The budget outlines legislative changes related to Medicaid coverage for inmates. It proposes to prohibit states from terminating CHIP coverage for inmates and from terminating Medicaid coverage for the first six months that the inmate is in custody. Both proposals are new and have not been included in previous budget requests.
The budget also includes a few regulatory proposals related to Medicaid, which have a higher likelihood of being implemented because they do not require congressional action. For example, the budget proposes to give states the option of conducting more frequent Medicaid eligibility redeterminations, and notes that CMS will soon release a proposed rule on this issue entitled “Strengthening the Program Integrity of the Medicaid Eligibility Determination Process.”
The budget also refers to increased provider-level data on supplemental payments. CMS recently published the Proposed Rule Medicaid Fiscal Accountability Regulation (MFAR), which would increase provider-level reporting and make structural changes to Medicaid supplemental payments. This suggests that the Administration is still very interested in finalizing the MFAR.
Finally, the budget proposes to change the Non-Emergency Medical Transportation (NEMT) benefit from mandatory to optional. A proposal to make NEMT coverage optional was included in last year’s budget. However, the regulation providing states greater flexibility in covering the NEMT benefit is no longer included on CMS’s unified agenda.
The budget does not propose any substantive changes to the Exchange Marketplace. It allocates $1.5 billion for Marketplace-related program management (down approximately $226 million from 2020), to be funded primarily though user fees collected from insurers operating on the federal exchange and state-based exchanges on the federal platform. The budget extends the use of these user fees to cover almost all federal administrative costs associated with operating the Marketplace ($25 million would come from the Healthcare Fraud and Abuse Control Program appropriation). CMS reduced user fees to 3% of premiums on the federal exchange and 2.5% of premiums on state-based exchanges on the federal platform as part of the Notice of Benefit and Payment Parameters Rule (payment notice) for plan year 2020, and proposed maintaining that level in the payment notice for 2021. However, the proposed 2021 payment notice also included a request for comments on an alternative proposal to further reduce the user fee rates.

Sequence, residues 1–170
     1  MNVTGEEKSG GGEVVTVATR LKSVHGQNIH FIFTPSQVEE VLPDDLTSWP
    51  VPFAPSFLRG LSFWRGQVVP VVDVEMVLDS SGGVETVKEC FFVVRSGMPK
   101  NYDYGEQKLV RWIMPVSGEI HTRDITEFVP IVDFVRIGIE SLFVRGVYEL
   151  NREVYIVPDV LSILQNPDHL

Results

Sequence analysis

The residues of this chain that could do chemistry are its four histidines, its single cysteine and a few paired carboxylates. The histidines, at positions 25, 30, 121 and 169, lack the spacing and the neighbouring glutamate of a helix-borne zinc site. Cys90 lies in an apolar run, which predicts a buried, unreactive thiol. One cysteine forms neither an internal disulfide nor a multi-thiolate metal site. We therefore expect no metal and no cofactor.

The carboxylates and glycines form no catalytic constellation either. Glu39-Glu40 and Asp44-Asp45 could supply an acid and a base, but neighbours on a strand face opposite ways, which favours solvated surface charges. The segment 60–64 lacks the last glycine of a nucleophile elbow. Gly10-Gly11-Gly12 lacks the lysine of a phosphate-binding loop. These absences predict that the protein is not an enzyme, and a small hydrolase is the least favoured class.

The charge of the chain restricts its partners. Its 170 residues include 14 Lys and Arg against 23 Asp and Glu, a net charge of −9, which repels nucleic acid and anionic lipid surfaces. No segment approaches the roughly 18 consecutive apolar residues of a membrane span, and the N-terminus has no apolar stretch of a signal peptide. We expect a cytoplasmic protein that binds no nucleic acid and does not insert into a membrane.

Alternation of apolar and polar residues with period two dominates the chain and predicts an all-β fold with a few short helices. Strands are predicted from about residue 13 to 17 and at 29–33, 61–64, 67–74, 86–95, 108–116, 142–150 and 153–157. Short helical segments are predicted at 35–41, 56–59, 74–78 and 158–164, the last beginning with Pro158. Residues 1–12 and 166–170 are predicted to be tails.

The budget would introduce program integrity measures to ensure that the Medicare and Medicaid programs are “paying the right amount to the right entity for the right beneficiary.” The Healthcare Fraud and Abuse Control Program and the Medicaid Integrity Program constitute the largest federal investments in healthcare program integrity. The budget provides $2.3 billion in mandatory and discretionary spending for program integrity investments.
The Administration’s goal for these proposals is to prevent inappropriate payments, reduce spending, protect beneficiaries, and reduce time wasted on fraud and abuse investigations. The budget includes numerous legislative and administrative proposals estimated to save $31 billion and $220 million, respectively, over the next 10 years.
Legislative proposals include the following:
These policy changes were not included in last year’s budget proposal. While this reflects the Administration’s continued interest in supporting policies to address access to care in rural communities, these proposed reforms are legislative rather than regulatory, and thus likely would require congressional action to implement.